Africa Moyo Business Reporter
The Postal and Telecommunications Regulatory Authority of Zimbabwe (Potraz) is pleading with Government to place it on the foreign currency priority list, as it seeks to ensure every citizen accesses communication.
The Reserve Bank of Zimbabwe (RBZ) created a foreign currency priority list, which is headlined by firms that produce goods for the export market.
Companies that import fuel are also on the priority list together with local firms that produce cooking oil and other key products that cannot be imported due to Statutory Instrument 64 of 2016.
Potraz director general Dr Gift Machengete, said the telecommunications sector requires foreign currency to import equipment for network expansion among others.
“As we aim at and make giant strides towards 100 percent population coverage in Zimbabwe, we seek your assistance in securing the prioritisation of the sector in the allocation of foreign currency by the authorities,” said Dr Machengete.
“As a technology-driven sector, the ICT (Information Communication Technology) sector relies heavily on foreign currency resources for network expansion, upgrades and maintenance.
“The internet and international bandwidth also require a stable supply of foreign currency. While we fully appreciate the difficulty that Zimbabwe is going through, we are, however, convinced that the sector can and should be notched up the priority list so that networks can be sustainable and consumers can continue to enjoy reasonable service quality and that ours remains a competitive ICT market in the region.”
Dr Machengete said this on Monday in Maitengwe, Bulilima West Constituency, where Potraz was launching the shared base station erected using resources from the Universal Services Fund (USF).
The Maitengwe USF base station will be used by TelOne, Econet, NetOne and Telecel.
Dr Machengete believes if foreign currency was available, players could expand their network to unserved regions and communities.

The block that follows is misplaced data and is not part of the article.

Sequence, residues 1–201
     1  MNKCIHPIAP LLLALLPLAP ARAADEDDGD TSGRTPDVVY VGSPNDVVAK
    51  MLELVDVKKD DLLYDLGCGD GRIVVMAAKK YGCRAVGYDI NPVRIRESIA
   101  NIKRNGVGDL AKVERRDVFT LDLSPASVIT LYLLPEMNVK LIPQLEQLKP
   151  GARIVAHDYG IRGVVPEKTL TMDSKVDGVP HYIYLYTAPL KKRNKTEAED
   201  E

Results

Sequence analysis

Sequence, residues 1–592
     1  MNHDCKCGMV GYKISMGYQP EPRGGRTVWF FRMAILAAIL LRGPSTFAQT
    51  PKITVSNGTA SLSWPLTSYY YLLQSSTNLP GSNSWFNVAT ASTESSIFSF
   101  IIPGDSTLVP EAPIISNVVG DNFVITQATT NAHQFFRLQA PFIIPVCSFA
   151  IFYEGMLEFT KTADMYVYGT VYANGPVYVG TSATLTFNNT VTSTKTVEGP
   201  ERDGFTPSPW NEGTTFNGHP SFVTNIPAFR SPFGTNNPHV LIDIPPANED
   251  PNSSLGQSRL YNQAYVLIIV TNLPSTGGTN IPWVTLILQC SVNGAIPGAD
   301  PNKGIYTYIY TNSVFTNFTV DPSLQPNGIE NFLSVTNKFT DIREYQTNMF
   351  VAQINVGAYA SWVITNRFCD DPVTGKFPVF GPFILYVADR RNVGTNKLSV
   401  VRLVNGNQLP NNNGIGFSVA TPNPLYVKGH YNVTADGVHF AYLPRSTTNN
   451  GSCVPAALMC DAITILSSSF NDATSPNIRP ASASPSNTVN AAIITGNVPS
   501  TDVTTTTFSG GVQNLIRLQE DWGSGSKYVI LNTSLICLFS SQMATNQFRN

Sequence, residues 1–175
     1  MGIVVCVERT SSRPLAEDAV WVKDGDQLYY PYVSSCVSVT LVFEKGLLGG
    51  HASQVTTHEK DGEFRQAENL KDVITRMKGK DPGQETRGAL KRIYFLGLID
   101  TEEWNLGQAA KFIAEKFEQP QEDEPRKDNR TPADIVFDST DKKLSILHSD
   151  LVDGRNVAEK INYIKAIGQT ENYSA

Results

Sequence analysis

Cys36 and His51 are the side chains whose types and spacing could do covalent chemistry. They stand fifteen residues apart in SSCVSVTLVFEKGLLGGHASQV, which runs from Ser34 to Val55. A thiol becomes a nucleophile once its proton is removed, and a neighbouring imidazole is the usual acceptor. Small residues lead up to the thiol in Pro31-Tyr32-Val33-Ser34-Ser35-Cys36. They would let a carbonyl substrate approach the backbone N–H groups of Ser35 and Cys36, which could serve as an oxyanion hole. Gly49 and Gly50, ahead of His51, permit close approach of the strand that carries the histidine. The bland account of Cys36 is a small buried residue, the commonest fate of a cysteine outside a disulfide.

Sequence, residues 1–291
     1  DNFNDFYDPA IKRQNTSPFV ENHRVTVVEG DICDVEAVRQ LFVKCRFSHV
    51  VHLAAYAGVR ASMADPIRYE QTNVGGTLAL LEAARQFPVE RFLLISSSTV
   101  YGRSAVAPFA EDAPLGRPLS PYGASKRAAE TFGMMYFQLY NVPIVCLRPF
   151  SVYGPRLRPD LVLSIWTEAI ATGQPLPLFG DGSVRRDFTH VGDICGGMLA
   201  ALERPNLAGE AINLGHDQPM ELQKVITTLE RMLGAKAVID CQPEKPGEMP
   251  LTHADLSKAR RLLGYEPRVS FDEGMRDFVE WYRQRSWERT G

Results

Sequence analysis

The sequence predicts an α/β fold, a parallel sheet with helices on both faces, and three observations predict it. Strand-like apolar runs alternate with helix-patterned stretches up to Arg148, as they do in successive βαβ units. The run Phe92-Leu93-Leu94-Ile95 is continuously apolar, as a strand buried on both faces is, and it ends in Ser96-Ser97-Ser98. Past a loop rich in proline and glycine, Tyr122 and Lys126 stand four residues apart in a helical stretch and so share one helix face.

A number of areas in the country are not serviced or underserviced by both mobile and fixed phone companies.
Some parts of rural areas such as Mberengwa, Gokwe, Lupane, Tsholotsho and Jerera, have intermittent network problems in some cases because base stations are far away.
Failure by some sections of society to access communication services is deemed to be a violation of people’s rights to access of information.
This comes as the World Summit on the Information Society (WSIS) convened under the auspices of the United Nations in December 2003 and reaffirmed the importance of the Information Society to maintaining and strengthening human rights.
Dr Machengete said if one needs to appreciate the centrality of ICTs in people’s daily lives, they need to “spend a day or two” in areas where there is no network coverage.
“In summary . . . without requisite foreign currency resources, network growth and functionality grind to a halt, quality of service cannot be guaranteed; regulation is rendered dysfunctional and ultimately consumers and
the economy at large suffer irreparable damage.”
ICT Minister Supa Mandiwanzira says Government policy is that all citizens should access ICTs considering that “almost everything” these days depends on ICTs.